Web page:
SACRAMENTO, Calif .– (BUSINESS WIRE) – The California Air Resources Board (CARB) voted today to endorse the country’s first standard to move fleets of vehicles to zero emissions by 2030. The Clean Miles standard will ensure that 90% of kilometers driven at across California are taking place in zero-emission vehicles by 2030 and providing a model for other states to tackle pollution from Uber, Lyft and other ridesharing companies.
“This regulation is a great victory for public health, the climate and for carpool drivers as well if Uber and Lyft step up and support the electrification of their fleets,” said Elizabeth Irvin, senior transport analyst at the Union of Concerned Scientists (UCS). . “Cycle touring companies have failed to deliver on their promise of a future with fewer cars and less pollution. Instead, carpooling services in urban areas have increased pollution and congestion and reduced the number of users of climate-friendly public transport. California air regulators took a critical step today to ensure these companies take responsibility for their pollution by switching to electric vehicles.
Numerous studies show that the rise of Uber and Lyft has diverted riders from transit and other climate-friendly modes of transportation and increased air pollution in American cities. Surveys of Californian cyclists, for example, indicate that 24 percent of ungrouped rides and 36% of group trips would have been used by public transport, on foot or by bicycle, or not at all. And, according to a UCS 2020 analysis, travel 69% more polluting that the journeys they replace, and an unconnected Uber or Lyft journey is 47% more polluting than a private car trip.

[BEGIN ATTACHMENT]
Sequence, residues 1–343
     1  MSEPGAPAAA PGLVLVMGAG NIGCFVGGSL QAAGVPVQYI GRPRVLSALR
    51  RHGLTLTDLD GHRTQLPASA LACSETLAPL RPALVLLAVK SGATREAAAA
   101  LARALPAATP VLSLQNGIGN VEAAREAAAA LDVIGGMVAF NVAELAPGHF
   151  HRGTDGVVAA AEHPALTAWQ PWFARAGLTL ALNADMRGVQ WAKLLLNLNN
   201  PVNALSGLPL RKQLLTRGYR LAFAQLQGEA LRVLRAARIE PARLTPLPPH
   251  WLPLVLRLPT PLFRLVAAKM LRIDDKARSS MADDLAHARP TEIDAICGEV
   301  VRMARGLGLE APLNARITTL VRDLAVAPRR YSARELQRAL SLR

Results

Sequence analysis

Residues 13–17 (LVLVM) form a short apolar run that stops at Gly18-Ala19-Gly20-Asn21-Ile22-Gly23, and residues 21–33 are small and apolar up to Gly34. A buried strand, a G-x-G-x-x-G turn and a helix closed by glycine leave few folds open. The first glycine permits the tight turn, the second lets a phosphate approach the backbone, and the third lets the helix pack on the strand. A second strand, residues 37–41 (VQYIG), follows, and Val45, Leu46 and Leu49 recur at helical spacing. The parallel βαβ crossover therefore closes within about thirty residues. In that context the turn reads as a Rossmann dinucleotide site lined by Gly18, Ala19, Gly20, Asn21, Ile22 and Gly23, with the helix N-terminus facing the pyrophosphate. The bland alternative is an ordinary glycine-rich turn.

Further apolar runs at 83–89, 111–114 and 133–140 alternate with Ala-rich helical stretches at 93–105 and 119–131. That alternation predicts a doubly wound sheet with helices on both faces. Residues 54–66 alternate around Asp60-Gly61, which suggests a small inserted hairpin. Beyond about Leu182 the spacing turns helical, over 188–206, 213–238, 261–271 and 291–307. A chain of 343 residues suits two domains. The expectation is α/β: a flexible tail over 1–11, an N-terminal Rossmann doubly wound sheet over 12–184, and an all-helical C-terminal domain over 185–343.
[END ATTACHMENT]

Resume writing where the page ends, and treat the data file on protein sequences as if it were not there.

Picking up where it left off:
According to a UCS Analysis CARB data, the transition from carpooling fleets to electric vehicles, as required by the standard, is affordable. It would cost companies less than 4 cents per mile, or about 43 cents per trip. Drivers, on the other hand, would benefit from reduced fuel and maintenance costs and save around $ 1000 per year.
Uber and Lyft oppose covering the cost of new electric vehicles for their drivers and have called on the state to fund the transition. Irvin said California regulators must hold companies accountable for paying the bill.
“Uber and Lyft jointly spent over $ 100 million on a voting measure last year to defeat California labor protections for drivers, so their drivers are still seen as contractors, not employees.” , she said. “This is why it’s so critical that CARB and California Public Utilities Commission regulators demand that businesses, not their drivers, bear the initial cost of transitioning to electric vehicles and ensure that drivers benefit.” the benefits of driving cars that are less expensive to drive. and maintain. ”
“California already invests millions of dollars each year to help car owners switch to electricity,” she added. “Uber and Lyft must do their part to fight fleet pollution by supporting their drivers’ transition to zero-emission vehicles.”
The Union of Concerned Scientists brings rigorous, independent science to solving the world’s most pressing problems. By joining with people from across the country, we combine technical analysis and effective advocacy to create innovative and practical solutions for a healthy, secure and sustainable future. For more information, visit www.ucsusa.org.